|The hospitality trade faces an ever rising threat of legal action from employees whose health is damaged by secondhand smoke, Action on Smoking and Health warns today in a registered legal letter to all the major hospitality trade employers. The letter could form part of any future court cases for compensation from employees whose health is damaged by secondhand smoke. The best defence for the industry would be to back smokefree legislation, ending smoking in all workplaces and enclosed public places.
ASH has been working with the trade union and personal injury lawyers Thompsons to identify such cases, particularly in the hospitality sector. Some cases have already succeeded and others are current across a wide range of UK employers. For example, Thompsons are acting for a young solicitor (age 28) suffering from asthma, with the lung capacity of the average 56 year old exposed to secondhand smoke in an office where smoking was allowed throughout. They are also acting for a computer technician who suffered bronchial shock and an exacerbation of his dormant asthma condition within minutes of working on equipment in a hospital doctor’s office.
ASH previously sent registered letters to all major hospitality trade employers in January 2004, warning them that the “date of guilty knowledge” under the Health and Safety at Work Act is now past, and that employers should therefore know of the risks of exposing their staff to secondhand smoke. Employers who continue to permit smoking in the workplace are therefore likely to be held liable by the courts for any health damage caused. Even if some pubs and membership clubs were exempted from smokefree legislation, as the Government is currently proposing, employees in such workplaces made ill by secondhand smoke could still sue for compensation.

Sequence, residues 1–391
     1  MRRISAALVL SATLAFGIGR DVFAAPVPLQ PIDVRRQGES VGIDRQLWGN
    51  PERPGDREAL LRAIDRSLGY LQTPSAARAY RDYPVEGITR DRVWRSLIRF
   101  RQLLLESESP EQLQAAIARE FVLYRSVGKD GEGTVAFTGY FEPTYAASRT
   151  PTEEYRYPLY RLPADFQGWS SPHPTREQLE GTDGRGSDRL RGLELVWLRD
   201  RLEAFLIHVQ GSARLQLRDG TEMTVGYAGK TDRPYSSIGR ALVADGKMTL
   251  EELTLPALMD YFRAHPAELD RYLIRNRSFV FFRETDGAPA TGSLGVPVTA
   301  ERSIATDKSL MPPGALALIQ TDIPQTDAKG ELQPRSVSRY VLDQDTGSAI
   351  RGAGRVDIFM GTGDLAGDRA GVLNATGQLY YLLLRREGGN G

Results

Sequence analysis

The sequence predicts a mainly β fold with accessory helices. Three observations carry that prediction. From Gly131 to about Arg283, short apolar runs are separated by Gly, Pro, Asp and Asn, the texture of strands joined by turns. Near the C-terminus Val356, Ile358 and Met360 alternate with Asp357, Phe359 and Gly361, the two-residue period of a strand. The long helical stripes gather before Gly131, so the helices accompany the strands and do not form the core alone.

Since the previous ASH letter the Government’s Scientific Committee on Tobacco and Health (SCOTH) produced a definitive summary of the evidence on the health damage caused by secondhand smoke . SCOTH reported that”some groups, for example bar staff, are heavily exposed at their place of work”. In a major study for the British Medical Journal, Professor Konrad Jamrozik of the University of Queensland has estimated that exposure to secondhand smoke in the workplace:
· causes 54 premature deaths each year among hospitality industry employees – or more than one a week
· causes more than 600 deaths each year across the UK. 
For comparison, the total number of fatal accidents at work from all causes in the UK in 2004/5 was reported by the Health and Safety Executive as 220 .
ASH is warning that only fully smokefree workplaces can now provide employers with legal protection against future claims for compensation. It would also improve the health and productivity of the workforce: smokefree workplaces are known to be a major factor in encouraging smokers to quit and this could have a major positive impact on business. ASH intends to keep a formal record of this letter and its recipients, which we will make available to any future claimants in court cases for compensation.
Deborah Arnott, Director of ASH, commented:
“It is past time for every employer in the hospitality trades to realise that fully smokefree workplaces are both necessary and inevitable. Some big pub chains, for example, have made real and welcome progress. And more and more restaurants are smokefree throughout. But too many employers are still exposing their staff and customers to the health damage caused by secondhand smoke – and running serious legal risks as a result.
The only real defence for any employer against the rising threat of legal action is to go fully smokefree. The sooner the Government decides to drop its unjustified exemptions for some pubs and clubs and introduce simple and comprehensive smokefree legislation the better.”
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- “Estimate of Deaths Among Adults in the United Kingdom Attributable to Passive Smoking”: BMJ/2004/227587, by Konrad Jamrozik MBBS DPhil FAFPHM MFPH ILTM, Professor of Evidence-Based Health Care, University of Queensland.